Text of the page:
As part of Idealog’s coverage of Vivid Sydney, editor Elly Strang headed along to Semi-Permanent Sydney to soak in some creative inspiration from heavyweights in the creative fields. One of those was none other than Nike’s vice president of creative concepts, Tinker Hatfield. Here’s some key takeaways on design from the man himself.
To showcase the talents of its design community, Idealog magazine teamed up with Blunt and Generator to launch the Blunt + Idealog + Generator Umbrella Experiment. I asked Kiwis to submit an umbrella design and winner Bonnie Brown of Studio Bon will now see her design turned into a limited edition Blunt umbrella. Watch this space for details on how to buy one in the near future, or get your pre-order in now. In the meantime, we chat with Brown and have a closer look at her winning design.
Former managing director of 99 now medical cannabis entrepreneur Paul Manning has a chat with Idealog about his new company, Helius Therapeutics, and the opportunities for entrepreneurs who are keen to get involved in this new sector.
When Ecoware begun selling its compostable food packaging in 2011, it was a bit of an uphill slog. Words like ‘sustainability’ and ‘the circular economy’ were concepts that hadn’t quite made it into the mainstream vernacular yet, while companies were under no real pressure to change their practices to become more environmentally friendly – but times have changed in 2018. Co-founder James Calver talks the change in attitudes, as well as the changes that still need to happen.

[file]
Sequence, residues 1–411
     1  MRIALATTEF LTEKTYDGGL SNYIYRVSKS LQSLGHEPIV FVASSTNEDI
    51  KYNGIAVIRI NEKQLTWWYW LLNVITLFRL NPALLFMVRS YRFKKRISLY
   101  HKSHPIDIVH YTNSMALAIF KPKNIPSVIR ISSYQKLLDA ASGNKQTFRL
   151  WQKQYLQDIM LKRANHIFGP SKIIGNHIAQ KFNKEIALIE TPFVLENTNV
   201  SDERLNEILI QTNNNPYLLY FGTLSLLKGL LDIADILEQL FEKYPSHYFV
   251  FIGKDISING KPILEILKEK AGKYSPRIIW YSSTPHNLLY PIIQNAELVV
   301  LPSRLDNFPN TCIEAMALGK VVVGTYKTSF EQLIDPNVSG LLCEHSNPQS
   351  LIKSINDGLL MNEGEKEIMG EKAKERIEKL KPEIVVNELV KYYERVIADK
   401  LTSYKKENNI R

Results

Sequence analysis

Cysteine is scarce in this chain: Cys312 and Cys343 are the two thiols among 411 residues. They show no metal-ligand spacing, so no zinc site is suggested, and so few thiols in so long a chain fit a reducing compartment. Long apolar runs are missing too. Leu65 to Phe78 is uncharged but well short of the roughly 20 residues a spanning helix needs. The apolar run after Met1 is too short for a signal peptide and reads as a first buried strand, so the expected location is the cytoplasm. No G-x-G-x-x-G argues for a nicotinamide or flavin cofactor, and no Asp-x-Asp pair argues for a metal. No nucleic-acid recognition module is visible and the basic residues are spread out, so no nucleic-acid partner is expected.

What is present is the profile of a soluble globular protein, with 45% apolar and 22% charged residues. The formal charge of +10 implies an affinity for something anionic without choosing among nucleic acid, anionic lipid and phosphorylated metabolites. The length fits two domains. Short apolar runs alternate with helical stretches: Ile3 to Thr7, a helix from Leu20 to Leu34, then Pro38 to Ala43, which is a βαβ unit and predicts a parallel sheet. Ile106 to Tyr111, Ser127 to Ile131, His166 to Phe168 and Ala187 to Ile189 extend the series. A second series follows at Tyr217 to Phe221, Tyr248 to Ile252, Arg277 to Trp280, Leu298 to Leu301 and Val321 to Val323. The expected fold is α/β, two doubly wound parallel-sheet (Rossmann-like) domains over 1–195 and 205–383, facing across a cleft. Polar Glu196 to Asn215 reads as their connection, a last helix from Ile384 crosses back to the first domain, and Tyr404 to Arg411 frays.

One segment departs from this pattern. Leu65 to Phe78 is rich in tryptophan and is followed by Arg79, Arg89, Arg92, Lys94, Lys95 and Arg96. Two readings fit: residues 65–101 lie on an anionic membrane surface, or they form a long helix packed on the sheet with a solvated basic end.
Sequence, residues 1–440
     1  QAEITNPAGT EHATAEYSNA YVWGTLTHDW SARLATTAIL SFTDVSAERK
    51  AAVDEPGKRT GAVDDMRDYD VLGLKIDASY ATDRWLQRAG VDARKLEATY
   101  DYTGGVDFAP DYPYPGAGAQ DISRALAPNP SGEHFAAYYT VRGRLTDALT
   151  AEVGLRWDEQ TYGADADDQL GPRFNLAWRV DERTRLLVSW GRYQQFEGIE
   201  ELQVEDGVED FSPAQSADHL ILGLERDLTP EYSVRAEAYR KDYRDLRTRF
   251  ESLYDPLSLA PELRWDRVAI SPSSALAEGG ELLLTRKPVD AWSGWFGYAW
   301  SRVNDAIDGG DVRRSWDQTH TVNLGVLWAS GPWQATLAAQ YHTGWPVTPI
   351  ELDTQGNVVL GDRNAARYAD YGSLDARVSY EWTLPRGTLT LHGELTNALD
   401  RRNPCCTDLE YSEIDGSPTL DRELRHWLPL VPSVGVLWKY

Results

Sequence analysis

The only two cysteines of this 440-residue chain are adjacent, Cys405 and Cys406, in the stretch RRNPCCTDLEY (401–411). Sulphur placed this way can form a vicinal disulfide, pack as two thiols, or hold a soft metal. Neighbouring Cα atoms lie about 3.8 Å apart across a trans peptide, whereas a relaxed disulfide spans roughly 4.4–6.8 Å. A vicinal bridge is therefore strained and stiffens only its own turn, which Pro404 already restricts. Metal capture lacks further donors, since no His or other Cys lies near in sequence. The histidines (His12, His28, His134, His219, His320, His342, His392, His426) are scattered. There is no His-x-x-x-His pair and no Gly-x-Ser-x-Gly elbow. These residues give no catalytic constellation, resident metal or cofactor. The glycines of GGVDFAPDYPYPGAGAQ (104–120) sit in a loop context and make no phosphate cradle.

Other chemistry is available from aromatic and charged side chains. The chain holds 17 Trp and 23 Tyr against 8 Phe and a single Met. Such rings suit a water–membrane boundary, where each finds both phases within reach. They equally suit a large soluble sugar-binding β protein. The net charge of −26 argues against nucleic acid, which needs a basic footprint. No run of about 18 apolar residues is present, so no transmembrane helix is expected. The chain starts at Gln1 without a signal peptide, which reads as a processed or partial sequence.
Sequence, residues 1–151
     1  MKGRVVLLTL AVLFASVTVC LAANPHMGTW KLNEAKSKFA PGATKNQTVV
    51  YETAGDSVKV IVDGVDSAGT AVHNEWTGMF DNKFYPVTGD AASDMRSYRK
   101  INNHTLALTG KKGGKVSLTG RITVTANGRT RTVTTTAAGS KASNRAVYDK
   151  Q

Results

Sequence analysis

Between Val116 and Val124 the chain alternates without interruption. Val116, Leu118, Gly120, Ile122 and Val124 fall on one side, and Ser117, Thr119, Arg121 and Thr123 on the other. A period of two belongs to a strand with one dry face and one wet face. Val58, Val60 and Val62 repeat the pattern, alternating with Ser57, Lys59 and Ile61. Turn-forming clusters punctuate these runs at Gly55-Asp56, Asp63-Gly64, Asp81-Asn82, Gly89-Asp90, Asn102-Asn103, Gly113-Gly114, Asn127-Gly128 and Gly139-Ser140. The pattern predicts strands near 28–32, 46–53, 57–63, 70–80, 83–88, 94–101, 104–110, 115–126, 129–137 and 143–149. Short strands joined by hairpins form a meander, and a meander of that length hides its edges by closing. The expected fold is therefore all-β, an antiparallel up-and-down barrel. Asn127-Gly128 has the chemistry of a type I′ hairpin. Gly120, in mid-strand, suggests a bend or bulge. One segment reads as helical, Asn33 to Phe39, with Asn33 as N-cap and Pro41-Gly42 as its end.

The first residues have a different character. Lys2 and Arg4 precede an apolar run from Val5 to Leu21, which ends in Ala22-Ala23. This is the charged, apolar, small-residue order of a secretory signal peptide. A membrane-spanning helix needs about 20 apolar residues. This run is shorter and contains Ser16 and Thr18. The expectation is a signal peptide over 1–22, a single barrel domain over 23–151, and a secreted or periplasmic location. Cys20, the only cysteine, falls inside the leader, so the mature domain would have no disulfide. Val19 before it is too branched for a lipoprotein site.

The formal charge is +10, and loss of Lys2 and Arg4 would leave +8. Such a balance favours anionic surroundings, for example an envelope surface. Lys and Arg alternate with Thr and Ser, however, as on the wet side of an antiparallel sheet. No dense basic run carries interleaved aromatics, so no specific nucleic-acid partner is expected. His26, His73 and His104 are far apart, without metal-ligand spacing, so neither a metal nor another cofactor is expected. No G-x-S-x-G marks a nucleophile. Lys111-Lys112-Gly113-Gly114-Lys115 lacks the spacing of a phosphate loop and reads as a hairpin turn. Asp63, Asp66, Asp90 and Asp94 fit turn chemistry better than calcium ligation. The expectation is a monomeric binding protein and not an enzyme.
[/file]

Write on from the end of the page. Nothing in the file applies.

The circular economy is a hot concept these days, so what better way to embrace this concept than to make food packaging edible, too? Better Burger is serving up burgers this Sunday (aka Earth Day) in one-off packaging made from wafer paper and edible ink.
There’s no question design is having a moment. Fortune 500 companies are hiring chief design officers and investing in design and innovation centres, and even traditional corporates are getting in on the action. At the forefront of this is Silicon Valley-based Airbnb, the online marketplace for people to lease short-term accommodation. Founded by designers Joe Gebbia and Brian Chesky and co-founder Nathan Blecharczyk in 2008, the company is now a behemoth, valued at US$31 billion and located in 190 countries. On a recent trip to Auckland for the Better By Design CEO Summit, Airbnb’s Jenny Arden (an IDEO, Google and YouTube alumni) chats with us all things design.
Two of the owners of Auckland creative agency Motion Sickness have been dabbling outside of their usual day-to-day activities to photograph and write the book Hideaways, a guide to a variety of beautiful and remote huts, baches and caravans to escape to around the country.
Spotify has revolutionised the access consumers have to music through its technology, but behind the machine, there’s humans like Spotify Australia and New Zealand senior music editor Alicia Sbrugnera helping craft playlists to people’s different wants and needs. We went behind the interface and spoke to her about how this algorithm and playlist curation business really works.
After battling requests for a line of shoes made for kids, Allbirds has given the punters what they desire and launched a limited edition children’s footwear range called Smallbirds. And in the spirit of creative overachieving, co-founder Joey Zwillinger has written a children’s picture book about a sheep called Sadie Shaves the Day that will be given out for free with each purchase of a pair of shoes.